The mammalian peptide adrenomedullin acts as a growth factor in tobacco plants
Nicotiana tabacum
Growth factor
Plant survival
Biomass increase
Cell cycle
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Pelaez-Cristobal, R. (Rafael); Niculcea, M.; Martínez-Hernández, J. (José Alfredo). "The mammalian peptide adrenomedullin acts as a growth factor in tobacco plants". Frontiers in Physiology. 8, 2017, 219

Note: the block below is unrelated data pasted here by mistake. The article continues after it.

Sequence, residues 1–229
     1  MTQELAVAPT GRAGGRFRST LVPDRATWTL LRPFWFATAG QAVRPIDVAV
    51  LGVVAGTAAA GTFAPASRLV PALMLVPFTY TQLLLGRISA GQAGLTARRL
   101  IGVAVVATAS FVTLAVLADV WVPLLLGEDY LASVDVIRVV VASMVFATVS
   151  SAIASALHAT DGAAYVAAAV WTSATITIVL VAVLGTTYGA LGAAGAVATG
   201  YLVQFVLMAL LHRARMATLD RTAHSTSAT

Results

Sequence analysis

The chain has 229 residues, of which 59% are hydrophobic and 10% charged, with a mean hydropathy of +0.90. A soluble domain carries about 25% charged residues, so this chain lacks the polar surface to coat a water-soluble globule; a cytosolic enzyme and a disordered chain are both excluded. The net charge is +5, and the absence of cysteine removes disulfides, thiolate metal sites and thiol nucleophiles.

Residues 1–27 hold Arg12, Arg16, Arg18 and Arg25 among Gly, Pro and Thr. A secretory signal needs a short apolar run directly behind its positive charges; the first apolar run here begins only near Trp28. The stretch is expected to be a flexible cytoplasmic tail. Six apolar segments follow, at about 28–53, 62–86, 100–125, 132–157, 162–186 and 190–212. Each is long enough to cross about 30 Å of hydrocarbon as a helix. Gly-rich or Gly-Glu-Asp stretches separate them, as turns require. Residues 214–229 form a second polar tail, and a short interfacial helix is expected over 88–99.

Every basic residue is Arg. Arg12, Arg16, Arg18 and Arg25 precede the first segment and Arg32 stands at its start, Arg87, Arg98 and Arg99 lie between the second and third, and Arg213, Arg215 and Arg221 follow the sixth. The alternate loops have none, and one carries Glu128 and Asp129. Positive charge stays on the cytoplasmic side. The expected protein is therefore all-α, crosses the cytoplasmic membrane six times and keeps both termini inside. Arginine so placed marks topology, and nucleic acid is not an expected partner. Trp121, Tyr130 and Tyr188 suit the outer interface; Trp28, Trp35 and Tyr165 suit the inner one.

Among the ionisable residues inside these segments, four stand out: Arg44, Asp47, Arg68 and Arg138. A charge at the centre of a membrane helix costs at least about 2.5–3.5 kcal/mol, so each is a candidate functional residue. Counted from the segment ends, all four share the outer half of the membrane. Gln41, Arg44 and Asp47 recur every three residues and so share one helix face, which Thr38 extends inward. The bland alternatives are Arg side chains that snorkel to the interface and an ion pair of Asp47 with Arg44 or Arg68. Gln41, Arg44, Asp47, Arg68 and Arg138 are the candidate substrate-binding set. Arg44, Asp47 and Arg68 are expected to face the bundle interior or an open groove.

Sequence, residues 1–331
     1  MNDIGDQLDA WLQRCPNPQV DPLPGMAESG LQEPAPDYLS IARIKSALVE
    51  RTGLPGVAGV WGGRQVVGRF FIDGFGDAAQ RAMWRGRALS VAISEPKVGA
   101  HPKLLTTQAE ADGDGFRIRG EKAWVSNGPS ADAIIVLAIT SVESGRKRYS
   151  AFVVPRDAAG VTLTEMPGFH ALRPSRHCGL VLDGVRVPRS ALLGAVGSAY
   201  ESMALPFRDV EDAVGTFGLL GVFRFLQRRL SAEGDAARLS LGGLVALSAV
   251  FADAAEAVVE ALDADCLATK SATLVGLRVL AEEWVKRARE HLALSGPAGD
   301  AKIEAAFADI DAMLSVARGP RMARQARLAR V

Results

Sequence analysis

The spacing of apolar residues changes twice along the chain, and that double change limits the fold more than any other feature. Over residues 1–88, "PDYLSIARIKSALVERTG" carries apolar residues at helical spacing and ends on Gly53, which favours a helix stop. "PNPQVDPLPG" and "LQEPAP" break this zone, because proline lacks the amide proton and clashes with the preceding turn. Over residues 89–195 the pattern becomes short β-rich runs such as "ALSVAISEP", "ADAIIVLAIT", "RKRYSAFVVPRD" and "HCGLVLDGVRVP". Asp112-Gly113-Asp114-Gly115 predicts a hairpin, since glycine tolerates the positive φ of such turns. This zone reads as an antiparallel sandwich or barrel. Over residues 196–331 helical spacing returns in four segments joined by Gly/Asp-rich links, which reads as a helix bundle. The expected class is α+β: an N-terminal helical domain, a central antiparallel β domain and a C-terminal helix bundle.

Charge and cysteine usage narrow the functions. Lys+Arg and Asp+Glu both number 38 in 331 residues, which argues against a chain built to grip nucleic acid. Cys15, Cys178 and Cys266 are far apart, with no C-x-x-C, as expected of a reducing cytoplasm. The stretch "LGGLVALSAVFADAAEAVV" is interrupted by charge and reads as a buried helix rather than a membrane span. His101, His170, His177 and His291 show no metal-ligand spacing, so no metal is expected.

Growth factors are extracellular signals that regulate cell proliferation and total body mass. Some animal growth factors can work on plant tissues and vice versa. Here we show that the mammalian growth factor adrenomedullin (AM) induces growth in tobacco plants. Addition of synthetic AM resulted in a dose-dependent growth of tobacco calluses. Furthermore, AM transgenic plants showed enhanced survival and significant increases in stem diameter, plant height, leaf length, weight of all organs, and a reduction in the time to flowering when compared to plants transformed with the control vector. These differences were maintained when organs were dried, resulting in a mean total biomass increase of 21.3%. The levels of soluble sugars and proteins in the leaves were unchanged between genotypes. AM transgenic plants had a significantly higher expression of cyclin D3 and the transcription factor E2FB than controls, suggesting that cell cycle regulation may be part of the intracellular signaling of AM in plants. In summary, mammalian AM increases vascular plants' survival and biomass with no apparent detriment of plant's morphological and/or biochemical properties, thus this strategy could be useful for crop productivity improvement.

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